Narrative techniques and subversion in the novels of Edith Wharton.

Persistent Link:
http://hdl.handle.net/10150/185791
Title:
Narrative techniques and subversion in the novels of Edith Wharton.
Author:
Mohanram, Radhika Thiruvalam.
Issue Date:
1992
Publisher:
The University of Arizona.
Rights:
Copyright © is held by the author. Digital access to this material is made possible by the University Libraries, University of Arizona. Further transmission, reproduction or presentation (such as public display or performance) of protected items is prohibited except with permission of the author.
Abstract:
There are two branches of scholarship on Edith Wharton. One branch tends to focus upon a comparison of her novels with her life, and tends to document her work as that of a social historian and custodian of manners of old New York. The other branch, represented by feminist critics, uses a Marxist approach to read the thematics of Wharton's novels, and argues that her heroines are perched between the cusp of the "old" and the "new" woman. This study of Wharton extends and intertwines both these lines of scholarship to argue that Wharton's novels must be read against her life, and that the critical focus must be kept on her "new" woman, who, as the gendered speaking subject, speaks from the margins of cultural edifices. This study will focus on the idea of the splintered self, particularly the quandaries of the gendered self, an issue that shapes and determines the form of her narratives. This analysis shows that in the intersection of her fiction, her letters, and her autobiography, Wharton's gendered speaking subject enunciates a radical critique of the culture in which she lived.
Type:
text; Dissertation-Reproduction (electronic)
Keywords:
Literature.; Women and literature.; Feminism and literature.
Degree Name:
Ph.D.
Degree Level:
doctoral
Degree Program:
English; Graduate College
Degree Grantor:
University of Arizona
Advisor:
Hogle, Jerrold C.

Full metadata record

DC FieldValue Language
dc.language.isoenen_US
dc.titleNarrative techniques and subversion in the novels of Edith Wharton.en_US
dc.creatorMohanram, Radhika Thiruvalam.en_US
dc.contributor.authorMohanram, Radhika Thiruvalam.en_US
dc.date.issued1992en_US
dc.publisherThe University of Arizona.en_US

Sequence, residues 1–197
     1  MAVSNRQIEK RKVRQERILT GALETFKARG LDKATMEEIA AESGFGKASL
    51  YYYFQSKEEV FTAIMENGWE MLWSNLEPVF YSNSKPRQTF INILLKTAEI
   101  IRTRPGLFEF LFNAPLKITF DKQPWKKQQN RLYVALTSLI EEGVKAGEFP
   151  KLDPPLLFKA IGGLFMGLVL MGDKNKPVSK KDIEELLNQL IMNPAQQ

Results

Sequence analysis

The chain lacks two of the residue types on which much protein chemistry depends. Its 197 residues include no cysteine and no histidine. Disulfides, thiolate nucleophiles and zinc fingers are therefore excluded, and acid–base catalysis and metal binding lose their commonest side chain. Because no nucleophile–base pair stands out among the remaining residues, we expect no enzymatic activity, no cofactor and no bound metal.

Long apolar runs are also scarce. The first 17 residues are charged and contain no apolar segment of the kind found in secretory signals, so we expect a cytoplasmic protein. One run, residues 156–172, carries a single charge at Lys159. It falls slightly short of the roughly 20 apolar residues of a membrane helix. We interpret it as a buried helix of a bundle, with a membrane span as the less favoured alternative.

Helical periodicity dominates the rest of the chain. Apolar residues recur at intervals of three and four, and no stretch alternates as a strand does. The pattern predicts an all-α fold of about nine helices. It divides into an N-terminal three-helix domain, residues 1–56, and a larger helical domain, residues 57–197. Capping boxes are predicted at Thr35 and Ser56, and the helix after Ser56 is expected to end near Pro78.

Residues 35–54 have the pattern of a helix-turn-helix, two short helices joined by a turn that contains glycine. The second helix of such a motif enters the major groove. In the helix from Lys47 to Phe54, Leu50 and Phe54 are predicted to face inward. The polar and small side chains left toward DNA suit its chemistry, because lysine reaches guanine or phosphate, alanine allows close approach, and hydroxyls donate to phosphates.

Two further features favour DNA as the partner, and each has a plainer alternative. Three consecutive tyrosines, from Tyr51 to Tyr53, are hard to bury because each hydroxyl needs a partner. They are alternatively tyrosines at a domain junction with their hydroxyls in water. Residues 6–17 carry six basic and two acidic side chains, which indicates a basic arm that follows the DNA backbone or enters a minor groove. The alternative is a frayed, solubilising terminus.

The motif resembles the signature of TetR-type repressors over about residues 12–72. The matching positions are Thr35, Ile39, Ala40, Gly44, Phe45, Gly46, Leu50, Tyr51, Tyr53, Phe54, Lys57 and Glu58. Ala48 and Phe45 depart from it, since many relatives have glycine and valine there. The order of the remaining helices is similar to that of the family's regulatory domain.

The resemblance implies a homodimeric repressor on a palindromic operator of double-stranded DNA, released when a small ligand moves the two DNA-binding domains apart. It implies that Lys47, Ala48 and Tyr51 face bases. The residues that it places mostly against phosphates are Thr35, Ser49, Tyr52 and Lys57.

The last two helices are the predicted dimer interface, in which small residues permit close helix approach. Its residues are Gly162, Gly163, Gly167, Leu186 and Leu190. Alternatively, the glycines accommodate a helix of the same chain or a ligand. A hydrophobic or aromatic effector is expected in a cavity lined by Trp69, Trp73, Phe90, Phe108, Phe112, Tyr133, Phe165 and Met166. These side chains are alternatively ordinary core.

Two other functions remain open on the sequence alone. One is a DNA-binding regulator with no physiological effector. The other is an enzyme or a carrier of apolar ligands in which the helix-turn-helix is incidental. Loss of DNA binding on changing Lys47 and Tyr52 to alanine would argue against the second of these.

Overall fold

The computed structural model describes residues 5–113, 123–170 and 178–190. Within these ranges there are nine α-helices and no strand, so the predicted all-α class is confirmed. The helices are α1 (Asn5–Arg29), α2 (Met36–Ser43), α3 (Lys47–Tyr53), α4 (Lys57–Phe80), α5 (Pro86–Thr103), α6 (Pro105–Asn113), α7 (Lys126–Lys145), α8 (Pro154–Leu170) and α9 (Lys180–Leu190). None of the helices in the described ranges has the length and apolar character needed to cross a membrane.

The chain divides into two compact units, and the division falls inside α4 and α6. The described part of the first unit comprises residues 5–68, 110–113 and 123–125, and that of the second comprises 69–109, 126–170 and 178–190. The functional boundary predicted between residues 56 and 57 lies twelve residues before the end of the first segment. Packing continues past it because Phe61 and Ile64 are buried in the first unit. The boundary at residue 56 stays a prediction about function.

dc.rightsCopyright © is held by the author. Digital access to this material is made possible by the University Libraries, University of Arizona. Further transmission, reproduction or presentation (such as public display or performance) of protected items is prohibited except with permission of the author.en_US
dc.description.abstractThere are two branches of scholarship on Edith Wharton. One branch tends to focus upon a comparison of her novels with her life, and tends to document her work as that of a social historian and custodian of manners of old New York. The other branch, represented by feminist critics, uses a Marxist approach to read the thematics of Wharton's novels, and argues that her heroines are perched between the cusp of the "old" and the "new" woman. This study of Wharton extends and intertwines both these lines of scholarship to argue that Wharton's novels must be read against her life, and that the critical focus must be kept on her "new" woman, who, as the gendered speaking subject, speaks from the margins of cultural edifices. This study will focus on the idea of the splintered self, particularly the quandaries of the gendered self, an issue that shapes and determines the form of her narratives. This analysis shows that in the intersection of her fiction, her letters, and her autobiography, Wharton's gendered speaking subject enunciates a radical critique of the culture in which she lived.en_US
dc.typetexten_US
dc.typeDissertation-Reproduction (electronic)en_US
dc.subjectLiterature.en_US
dc.subjectWomen and literature.en_US
dc.subjectFeminism and literature.en_US
thesis.degree.namePh.D.en_US
thesis.degree.leveldoctoralen_US
thesis.degree.disciplineEnglishen_US
thesis.degree.disciplineGraduate Collegeen_US
thesis.degree.grantorUniversity of Arizonaen_US
dc.contributor.advisorHogle, Jerrold C.en_US
dc.contributor.committeememberDavis, Robert Conen_US
dc.contributor.committeememberZwinger, Lyndaen_US
dc.contributor.committeememberLensink, Judy Nolteen_US
dc.identifier.proquest9223560en_US
dc.identifier.oclc705393507en_US
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